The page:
This blog is intended to go along with Population: An Introduction to Concepts and Issues, by John R. Weeks, published by Cengage Learning. The latest edition is the 12th (it came out in 2015), but this blog is meant to complement any edition of the book by showing the way in which demographic issues are regularly in the news.

If you are a user of my textbook and would like to suggest a blog post idea, please email me at: john.weeks@sdsu.edu

Wednesday, January 12, 2011

Migration in US Slowed Along With the Economy

Demographer Bill Frey at the Brookings Institution has just released a report showing that interstate migration in the United States dropped to the lowest level since the Census Bureau first start collecting annual migration data in the Current Population Survey back in 1948. This is consistent, of course, with the fact that the current recession is the worst since the Great Depression of the 1930s. Migration is a signpost that there are opportunities out there somewhere, whereas bad times cause us to hunker down and stay put.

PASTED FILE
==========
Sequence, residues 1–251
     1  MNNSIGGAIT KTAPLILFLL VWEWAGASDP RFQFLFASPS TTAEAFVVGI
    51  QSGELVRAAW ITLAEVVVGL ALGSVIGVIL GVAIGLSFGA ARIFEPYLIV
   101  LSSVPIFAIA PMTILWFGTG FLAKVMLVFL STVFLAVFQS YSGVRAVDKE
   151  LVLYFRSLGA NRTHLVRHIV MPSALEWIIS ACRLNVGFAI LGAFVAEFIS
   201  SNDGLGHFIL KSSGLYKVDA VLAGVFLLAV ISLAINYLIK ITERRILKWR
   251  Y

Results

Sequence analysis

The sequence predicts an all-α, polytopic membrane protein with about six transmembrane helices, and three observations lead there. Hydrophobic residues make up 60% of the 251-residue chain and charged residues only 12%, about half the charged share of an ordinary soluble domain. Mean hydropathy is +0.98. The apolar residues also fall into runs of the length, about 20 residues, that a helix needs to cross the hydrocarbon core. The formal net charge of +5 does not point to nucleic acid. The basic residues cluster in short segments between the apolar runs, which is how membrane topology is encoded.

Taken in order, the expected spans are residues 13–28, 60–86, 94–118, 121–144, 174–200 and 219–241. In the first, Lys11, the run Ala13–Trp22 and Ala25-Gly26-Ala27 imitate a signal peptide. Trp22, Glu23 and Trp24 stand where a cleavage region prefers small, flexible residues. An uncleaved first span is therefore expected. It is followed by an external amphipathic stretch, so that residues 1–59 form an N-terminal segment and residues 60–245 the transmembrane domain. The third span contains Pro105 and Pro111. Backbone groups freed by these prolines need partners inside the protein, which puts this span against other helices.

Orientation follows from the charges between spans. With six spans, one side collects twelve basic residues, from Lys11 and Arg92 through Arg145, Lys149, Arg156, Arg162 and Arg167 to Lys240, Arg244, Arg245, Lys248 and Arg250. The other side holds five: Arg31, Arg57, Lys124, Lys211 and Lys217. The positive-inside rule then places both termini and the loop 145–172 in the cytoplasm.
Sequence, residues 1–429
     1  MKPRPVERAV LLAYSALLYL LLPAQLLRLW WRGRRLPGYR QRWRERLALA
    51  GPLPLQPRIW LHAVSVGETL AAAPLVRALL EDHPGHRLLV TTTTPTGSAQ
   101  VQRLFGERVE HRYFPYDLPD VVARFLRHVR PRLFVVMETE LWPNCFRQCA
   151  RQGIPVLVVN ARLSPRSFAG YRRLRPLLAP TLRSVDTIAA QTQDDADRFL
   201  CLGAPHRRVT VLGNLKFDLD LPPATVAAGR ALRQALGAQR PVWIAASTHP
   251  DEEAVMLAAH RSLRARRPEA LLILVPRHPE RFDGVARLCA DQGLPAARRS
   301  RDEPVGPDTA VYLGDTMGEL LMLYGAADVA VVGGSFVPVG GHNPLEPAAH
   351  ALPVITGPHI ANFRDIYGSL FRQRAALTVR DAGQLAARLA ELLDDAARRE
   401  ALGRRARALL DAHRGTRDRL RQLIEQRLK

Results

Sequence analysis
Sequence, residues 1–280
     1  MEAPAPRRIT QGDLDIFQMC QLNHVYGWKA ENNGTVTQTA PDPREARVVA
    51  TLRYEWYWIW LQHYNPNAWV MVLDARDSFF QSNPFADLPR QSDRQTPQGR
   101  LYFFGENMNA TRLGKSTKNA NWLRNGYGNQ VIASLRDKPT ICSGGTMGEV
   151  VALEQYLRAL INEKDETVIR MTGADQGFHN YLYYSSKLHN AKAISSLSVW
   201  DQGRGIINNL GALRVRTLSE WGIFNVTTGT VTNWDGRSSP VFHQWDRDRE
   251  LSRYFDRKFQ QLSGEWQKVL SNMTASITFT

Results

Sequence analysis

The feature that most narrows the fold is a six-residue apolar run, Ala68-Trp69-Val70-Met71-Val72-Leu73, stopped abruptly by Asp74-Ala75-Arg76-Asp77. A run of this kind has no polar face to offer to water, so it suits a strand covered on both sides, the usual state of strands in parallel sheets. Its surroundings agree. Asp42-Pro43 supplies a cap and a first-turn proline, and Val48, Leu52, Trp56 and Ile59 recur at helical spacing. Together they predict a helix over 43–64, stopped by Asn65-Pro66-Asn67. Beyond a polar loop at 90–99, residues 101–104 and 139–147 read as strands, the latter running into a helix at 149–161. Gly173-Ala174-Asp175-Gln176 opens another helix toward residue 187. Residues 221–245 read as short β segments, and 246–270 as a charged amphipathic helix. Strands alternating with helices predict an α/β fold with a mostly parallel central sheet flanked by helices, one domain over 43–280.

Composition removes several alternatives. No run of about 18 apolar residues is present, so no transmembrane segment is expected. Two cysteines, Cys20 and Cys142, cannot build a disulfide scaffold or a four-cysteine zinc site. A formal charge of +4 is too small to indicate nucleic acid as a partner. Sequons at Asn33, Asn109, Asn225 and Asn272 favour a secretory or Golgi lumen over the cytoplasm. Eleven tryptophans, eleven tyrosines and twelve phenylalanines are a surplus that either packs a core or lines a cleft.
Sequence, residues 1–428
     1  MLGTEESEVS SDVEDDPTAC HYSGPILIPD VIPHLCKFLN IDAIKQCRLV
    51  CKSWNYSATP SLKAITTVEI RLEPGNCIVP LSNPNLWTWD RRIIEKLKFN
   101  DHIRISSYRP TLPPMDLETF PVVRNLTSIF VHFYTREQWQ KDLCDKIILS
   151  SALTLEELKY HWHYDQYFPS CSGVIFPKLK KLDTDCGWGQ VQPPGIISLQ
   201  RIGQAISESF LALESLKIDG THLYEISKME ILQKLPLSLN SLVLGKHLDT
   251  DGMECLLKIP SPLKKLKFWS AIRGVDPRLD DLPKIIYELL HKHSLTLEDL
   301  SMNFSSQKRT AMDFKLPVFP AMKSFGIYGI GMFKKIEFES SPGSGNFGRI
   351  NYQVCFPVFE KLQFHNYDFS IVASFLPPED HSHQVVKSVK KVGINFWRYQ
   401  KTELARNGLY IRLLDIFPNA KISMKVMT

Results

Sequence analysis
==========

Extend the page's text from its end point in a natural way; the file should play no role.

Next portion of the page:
The New York Times picked up on this story today, but focused only on the cities that are attracting the most new residents that are young college graduates. In 2005-7, Charlotte had led with a rate of 2.77 new such migrants per 100 residents with college degrees, and five other cities were above a rate of 2 per 100. In the most recent period, 2007-9, only Austin had a rate above 2.

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